To get the technical knowledge, you could read a book on Android in Safari Books Online or take a course on Android on You could also dive deep with a nanodegree in Android on Udacity, watch videos on YouTube, or read general tutorials across the Internet. You primarily get general technical knowledge outside of your company.

The goal in acquiring technical knowledge is to become familiar with concepts and lingo to understand what’s going on at a high level. You don’t need to get lost in the technical details. You won’t be diving as deep as engineers do — they’re building production-ready apps from the ground up.

Diving too deep into the technology might exhaust all your other knowledge-gathering bandwidth. You need to learn just enough code to be dangerous, as Adam Wood says. Don’t aspire to developer-level coding ability — you’ll get discouraged too easily. Wood says even developing “bad coding skills” is probably enough when you’re learning programming (“Enough to Be Dangerous: The Joy of Bad Python”).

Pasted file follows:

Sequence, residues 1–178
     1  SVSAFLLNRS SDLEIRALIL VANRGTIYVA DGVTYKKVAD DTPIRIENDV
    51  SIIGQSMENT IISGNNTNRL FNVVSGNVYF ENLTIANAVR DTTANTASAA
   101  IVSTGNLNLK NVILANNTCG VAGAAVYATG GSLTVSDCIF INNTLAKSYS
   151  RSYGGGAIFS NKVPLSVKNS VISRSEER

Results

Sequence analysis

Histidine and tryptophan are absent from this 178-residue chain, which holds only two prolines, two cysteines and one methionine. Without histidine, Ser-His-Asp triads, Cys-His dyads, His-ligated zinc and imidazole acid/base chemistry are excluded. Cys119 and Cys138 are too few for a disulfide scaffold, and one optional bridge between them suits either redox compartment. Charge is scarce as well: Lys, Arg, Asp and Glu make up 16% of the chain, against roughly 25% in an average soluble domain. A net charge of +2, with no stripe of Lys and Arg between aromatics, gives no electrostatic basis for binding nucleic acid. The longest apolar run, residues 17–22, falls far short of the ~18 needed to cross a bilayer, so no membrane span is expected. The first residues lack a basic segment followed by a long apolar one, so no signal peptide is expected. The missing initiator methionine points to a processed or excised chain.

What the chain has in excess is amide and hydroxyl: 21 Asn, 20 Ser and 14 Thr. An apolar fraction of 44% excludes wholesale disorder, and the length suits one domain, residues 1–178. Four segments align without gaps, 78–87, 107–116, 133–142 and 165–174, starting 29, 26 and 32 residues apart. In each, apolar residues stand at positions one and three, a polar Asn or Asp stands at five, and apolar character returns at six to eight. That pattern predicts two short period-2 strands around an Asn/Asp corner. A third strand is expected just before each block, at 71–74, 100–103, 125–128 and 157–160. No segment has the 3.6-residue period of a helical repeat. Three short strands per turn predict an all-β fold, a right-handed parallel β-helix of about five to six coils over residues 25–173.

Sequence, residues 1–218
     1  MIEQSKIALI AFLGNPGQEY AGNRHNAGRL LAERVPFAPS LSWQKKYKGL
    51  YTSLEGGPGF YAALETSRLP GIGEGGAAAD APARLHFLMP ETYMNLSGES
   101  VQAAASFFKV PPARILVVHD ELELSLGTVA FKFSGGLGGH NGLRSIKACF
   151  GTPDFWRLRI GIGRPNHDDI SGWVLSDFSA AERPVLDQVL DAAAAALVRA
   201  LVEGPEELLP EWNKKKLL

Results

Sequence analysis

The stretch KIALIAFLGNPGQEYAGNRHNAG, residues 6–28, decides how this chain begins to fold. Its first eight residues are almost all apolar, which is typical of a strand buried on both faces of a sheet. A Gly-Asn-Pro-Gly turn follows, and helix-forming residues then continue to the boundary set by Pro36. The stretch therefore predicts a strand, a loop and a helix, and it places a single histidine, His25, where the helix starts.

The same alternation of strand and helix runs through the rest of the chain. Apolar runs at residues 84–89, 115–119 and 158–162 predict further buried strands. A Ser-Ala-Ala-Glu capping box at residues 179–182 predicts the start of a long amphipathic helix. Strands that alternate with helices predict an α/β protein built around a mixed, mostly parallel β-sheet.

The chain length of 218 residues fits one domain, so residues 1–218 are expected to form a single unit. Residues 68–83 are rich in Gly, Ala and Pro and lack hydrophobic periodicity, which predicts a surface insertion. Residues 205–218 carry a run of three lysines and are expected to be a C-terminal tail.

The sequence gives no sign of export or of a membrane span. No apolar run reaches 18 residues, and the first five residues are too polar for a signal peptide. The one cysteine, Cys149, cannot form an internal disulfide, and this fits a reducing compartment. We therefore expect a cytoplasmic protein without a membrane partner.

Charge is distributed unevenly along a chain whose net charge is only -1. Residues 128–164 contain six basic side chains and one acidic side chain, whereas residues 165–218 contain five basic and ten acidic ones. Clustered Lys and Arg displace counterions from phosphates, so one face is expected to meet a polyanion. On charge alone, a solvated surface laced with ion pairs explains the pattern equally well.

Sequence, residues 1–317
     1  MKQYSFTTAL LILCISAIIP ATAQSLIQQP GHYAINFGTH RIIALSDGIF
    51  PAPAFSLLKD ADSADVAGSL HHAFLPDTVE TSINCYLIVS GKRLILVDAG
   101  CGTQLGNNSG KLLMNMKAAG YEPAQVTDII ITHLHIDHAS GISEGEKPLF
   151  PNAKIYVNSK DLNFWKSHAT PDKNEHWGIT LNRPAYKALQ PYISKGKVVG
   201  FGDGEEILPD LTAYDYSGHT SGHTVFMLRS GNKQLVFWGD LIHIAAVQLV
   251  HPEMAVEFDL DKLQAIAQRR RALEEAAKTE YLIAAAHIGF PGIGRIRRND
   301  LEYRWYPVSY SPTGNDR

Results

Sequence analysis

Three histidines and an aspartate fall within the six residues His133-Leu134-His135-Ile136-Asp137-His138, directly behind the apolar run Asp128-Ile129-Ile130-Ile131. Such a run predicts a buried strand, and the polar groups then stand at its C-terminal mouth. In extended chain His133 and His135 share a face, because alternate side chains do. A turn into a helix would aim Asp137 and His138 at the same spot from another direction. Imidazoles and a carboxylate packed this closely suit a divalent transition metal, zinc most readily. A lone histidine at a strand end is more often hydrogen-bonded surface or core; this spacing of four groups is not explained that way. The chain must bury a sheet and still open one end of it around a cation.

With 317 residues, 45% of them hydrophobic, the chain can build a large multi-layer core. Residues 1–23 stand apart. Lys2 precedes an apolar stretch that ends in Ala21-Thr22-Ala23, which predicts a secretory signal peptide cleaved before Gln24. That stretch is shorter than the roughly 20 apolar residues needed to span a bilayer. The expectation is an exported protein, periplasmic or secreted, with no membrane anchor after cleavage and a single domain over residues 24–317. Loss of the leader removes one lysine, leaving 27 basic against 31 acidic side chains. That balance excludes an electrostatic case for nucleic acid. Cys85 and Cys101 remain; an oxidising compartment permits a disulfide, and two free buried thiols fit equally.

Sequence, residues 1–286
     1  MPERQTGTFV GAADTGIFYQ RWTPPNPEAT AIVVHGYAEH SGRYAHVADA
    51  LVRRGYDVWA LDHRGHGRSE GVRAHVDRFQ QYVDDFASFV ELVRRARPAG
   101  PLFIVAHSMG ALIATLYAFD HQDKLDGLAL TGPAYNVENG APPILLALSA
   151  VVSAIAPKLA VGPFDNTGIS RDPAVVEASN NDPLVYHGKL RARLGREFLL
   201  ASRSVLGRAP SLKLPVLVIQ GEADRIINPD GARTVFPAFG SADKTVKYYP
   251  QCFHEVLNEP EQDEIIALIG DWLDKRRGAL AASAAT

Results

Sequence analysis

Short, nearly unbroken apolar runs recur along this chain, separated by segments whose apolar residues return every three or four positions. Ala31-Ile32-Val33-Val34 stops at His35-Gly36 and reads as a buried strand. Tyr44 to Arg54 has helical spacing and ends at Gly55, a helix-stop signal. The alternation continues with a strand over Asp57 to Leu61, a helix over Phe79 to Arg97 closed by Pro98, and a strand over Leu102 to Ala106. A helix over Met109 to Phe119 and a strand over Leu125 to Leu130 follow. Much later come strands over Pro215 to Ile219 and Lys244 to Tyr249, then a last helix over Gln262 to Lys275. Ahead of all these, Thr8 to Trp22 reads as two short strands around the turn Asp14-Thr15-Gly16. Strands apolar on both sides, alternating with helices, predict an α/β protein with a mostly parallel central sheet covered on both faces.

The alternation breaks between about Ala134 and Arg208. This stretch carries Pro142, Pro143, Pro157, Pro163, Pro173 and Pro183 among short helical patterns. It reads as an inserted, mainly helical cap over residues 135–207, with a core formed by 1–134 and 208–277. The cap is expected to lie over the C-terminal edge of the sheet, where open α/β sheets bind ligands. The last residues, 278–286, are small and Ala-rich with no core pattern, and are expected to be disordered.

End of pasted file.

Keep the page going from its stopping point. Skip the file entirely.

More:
User knowledge

It’s important to understand what goes through the heads of users who want to build streaming media apps. What do they need to know? What questions will they have? What issues or feedback have you received so far from existing users?

It turns out most developers don’t want to build Fire TV apps from scratch. They already have an Android app they built for Google and want to port it to Fire TV. What they need to know is how Fire TV differs from Android TV. How do they change their existing Google Android app to make it work on Fire TV? What Amazon APIs do they need to use instead to handle services such as in-app billing or maps? Again, user tasks have filtered the scope of the knowledge domain.